Michael: Lincoln Center is a very very special place. It is a theater that has a proscenium that’s a size of the Metropolitan Opera and yet this very intimate area down stage which is where most of the show happens. So when you design for that theater you have to design for that immense space and at the same time deal with the intimacy. When the show went on the tour for the first time we did a much small ship and I don’t know. It wasn’t quite as successful I didn’t feel like because it didn’t have the scale that we had at Lincoln Center. So were trying a new idea this time which I don’t want to really talk about because we want it to be a surprise.
Hanna: That’s okay. We like surprises.
Michael: I think it will be a pleasant surprise.
Kelly: We like it, we like it. Michael, when you’re preparing for the tour and you have to put all these things together, what kind of size team? I know obviously this is a team effort all around in every area, but how many people are in general with putting together this show? And your team alone, how many people do you have?
Michael: Well, I mean I can only really talk about my team. There’s vast numbers of people. Really our team, I had my associate Nicki Cozuxki, who is from Japan and has been a student of mine. We have been working together for almost 20 years. She was very involved in the origination, all the ideas, and the model making of the first production of it. As we moved onto other things, she stayed with the tour, the first tour; she had done all the work and the organizing the tour that’s in London right now. She really has it in her blood. She is the main person and then she hires a whole group of assistants and associates and then there’s a shop that builds the shows. The painting of the show is very complicated. The gold curtain alone is a China silk curtain that’s red but it’s covered in gold leaf that’s kind of cracked away and kind of creates some distraction which only one or two shops could really do. So it’s a matter of kind of taking what we’ve done before and learning how we can adapt it and improve it and change it. In many cases, I think what will be wonderful about this tour is its going to be much more intimate than the others and you’ll really feel like you’re in the same room as them.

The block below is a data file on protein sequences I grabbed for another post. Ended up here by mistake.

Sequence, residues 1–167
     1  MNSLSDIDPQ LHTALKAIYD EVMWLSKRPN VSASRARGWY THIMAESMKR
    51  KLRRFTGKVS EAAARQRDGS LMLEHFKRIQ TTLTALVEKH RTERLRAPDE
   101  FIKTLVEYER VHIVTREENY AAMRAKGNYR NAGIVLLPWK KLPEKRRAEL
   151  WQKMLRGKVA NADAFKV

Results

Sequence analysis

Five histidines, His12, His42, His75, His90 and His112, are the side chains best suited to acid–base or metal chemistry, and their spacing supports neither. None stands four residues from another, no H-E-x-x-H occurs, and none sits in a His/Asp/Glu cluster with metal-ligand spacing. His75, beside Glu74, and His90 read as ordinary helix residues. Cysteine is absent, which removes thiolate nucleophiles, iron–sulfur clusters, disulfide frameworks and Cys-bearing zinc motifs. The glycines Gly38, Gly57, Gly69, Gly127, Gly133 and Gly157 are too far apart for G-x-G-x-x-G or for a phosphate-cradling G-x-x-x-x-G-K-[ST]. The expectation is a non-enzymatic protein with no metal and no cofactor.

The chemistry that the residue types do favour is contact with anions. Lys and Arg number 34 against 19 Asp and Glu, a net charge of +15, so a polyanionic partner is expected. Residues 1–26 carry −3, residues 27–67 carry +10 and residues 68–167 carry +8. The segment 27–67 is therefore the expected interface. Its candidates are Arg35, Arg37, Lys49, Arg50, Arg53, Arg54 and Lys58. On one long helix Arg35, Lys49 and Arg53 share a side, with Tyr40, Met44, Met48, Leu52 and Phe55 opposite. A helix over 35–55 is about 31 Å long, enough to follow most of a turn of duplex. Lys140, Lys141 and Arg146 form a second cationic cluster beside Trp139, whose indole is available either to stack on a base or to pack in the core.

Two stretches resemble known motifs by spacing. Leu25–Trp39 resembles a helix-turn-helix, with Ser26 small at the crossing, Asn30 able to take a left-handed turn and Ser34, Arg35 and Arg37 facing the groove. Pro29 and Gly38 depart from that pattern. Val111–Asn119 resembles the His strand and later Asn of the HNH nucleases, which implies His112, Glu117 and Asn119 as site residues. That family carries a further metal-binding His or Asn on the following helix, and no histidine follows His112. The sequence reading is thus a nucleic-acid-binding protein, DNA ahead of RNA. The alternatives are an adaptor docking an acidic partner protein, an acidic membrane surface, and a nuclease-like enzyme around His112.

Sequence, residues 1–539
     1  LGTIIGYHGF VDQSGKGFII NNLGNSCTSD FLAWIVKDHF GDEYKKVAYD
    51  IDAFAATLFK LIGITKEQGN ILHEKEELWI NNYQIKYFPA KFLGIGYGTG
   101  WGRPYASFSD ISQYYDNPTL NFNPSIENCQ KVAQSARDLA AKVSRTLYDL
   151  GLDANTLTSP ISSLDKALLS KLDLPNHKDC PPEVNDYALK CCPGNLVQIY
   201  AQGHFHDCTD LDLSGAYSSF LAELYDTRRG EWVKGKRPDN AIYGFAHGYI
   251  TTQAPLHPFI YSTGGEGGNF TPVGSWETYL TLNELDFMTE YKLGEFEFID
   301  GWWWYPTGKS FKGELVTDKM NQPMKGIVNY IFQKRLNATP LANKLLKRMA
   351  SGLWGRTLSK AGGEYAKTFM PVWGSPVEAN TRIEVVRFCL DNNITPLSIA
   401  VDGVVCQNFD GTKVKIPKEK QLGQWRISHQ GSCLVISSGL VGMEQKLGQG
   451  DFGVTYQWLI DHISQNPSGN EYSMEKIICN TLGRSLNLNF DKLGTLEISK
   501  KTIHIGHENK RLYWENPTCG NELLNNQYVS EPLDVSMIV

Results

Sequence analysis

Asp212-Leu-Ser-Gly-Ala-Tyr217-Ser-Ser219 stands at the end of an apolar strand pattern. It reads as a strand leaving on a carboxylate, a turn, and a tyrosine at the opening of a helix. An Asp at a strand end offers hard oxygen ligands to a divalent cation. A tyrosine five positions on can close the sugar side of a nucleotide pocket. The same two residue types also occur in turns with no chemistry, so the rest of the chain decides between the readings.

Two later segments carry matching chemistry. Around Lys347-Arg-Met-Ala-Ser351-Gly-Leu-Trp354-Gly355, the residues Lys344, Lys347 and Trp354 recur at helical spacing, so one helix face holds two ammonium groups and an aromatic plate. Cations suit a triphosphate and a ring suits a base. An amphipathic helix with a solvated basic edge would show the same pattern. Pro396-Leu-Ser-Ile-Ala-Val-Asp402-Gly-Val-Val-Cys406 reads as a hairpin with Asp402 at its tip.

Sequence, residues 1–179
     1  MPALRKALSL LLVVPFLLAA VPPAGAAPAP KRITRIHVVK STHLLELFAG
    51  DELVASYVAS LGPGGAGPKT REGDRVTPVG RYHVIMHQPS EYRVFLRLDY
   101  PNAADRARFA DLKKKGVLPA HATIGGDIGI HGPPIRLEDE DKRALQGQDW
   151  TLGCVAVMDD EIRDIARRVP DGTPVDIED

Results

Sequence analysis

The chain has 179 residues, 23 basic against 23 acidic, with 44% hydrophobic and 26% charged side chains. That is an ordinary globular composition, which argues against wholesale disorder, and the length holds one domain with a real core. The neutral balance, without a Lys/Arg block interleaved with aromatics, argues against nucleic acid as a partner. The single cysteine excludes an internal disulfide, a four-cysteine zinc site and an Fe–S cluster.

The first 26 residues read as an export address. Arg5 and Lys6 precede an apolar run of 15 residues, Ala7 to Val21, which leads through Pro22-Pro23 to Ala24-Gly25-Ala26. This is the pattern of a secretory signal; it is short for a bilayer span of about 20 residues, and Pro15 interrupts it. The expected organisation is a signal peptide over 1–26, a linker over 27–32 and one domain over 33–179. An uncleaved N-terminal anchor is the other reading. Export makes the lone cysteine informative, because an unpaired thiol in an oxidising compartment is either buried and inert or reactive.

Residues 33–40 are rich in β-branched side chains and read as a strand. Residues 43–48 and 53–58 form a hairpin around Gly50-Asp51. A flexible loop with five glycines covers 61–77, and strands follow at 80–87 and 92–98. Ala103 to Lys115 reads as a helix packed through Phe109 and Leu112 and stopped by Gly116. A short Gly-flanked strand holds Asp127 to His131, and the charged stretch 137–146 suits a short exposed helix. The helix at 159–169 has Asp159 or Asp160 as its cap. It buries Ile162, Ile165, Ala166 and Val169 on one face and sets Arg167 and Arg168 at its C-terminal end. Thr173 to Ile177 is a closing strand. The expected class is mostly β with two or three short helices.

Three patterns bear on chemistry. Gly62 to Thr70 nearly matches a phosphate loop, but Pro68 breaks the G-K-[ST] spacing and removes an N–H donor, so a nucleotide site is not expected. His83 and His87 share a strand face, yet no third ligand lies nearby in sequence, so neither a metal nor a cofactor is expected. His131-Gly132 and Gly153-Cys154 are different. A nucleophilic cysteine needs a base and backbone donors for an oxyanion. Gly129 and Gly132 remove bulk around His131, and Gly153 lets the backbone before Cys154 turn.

Hanna: I find it so interesting that you mentioned that you were changing the design as the tour was going back out. How frequently do you go back to the shows that you’re working on to tweak and make adjustments once they’ve opened or once they’ve gone out on tour?
Michael: Oh yes you have to. I mean you’re name is on it so you have to be sure that it’s as exciting as you can possibly do. You’re at the mercy of the sizes of all the different theaters. Certain pieces you can use in some theaters and some pieces you can’t use. There’s also a very quick time that you have to get into the theater and get out of the theater. So you try to keep as much as the essences of the real design as you can. It’s better for you designer or me as a designer to make those choices and suggest things to them rather them doing it on the fly and get to a theater and say oh well we can’t do this and oh we can’t do that.
Kelly: And Michael, for those who have never seen The King and I or maybe a Rogers and Hammerstein’s musical at all what would you say to prep them in advance of this performance?
Michael: It will change your life. You won’t be able to go to the theater again without… I mean you’re seeing the best. You’re seeing the combination of the golden age of the American musical comedy. It’s changed since then some things for the better and some things not for better. It’s such a deeply emotion experience. Again it’s that combination of the music, the scenery, and the costumes. The costumes of this show are absolutely amazing and most of it is made from Tai silks. Catherine Zuber has done an amazing job. Also as a set designer when the costumes are so rich and colorful you kind of want to pull back a little bit in terms of color so that the focus can really be on the people. I think if you have never seen it before you are in for such a beautiful experience. Often times we wonder, like when we were working on My Fair Lady, what was it like to have been in the theater on opening night and heard that piece for the first time, same with South Pacific, same with The King and I. These are the gems in the crown of American musical theater.
Kelly: Well Michael that says it all. Thank you so much for being on today’s episode of All Access, of course you are the set designer for The King and I. Rodger & Hammerstein’s The King and I will be here at The State Theatre on December 14th and 15th. Thank you so much Michael and we look forward to the show coming around in December.
Michael: Okay well I hope you enjoy it.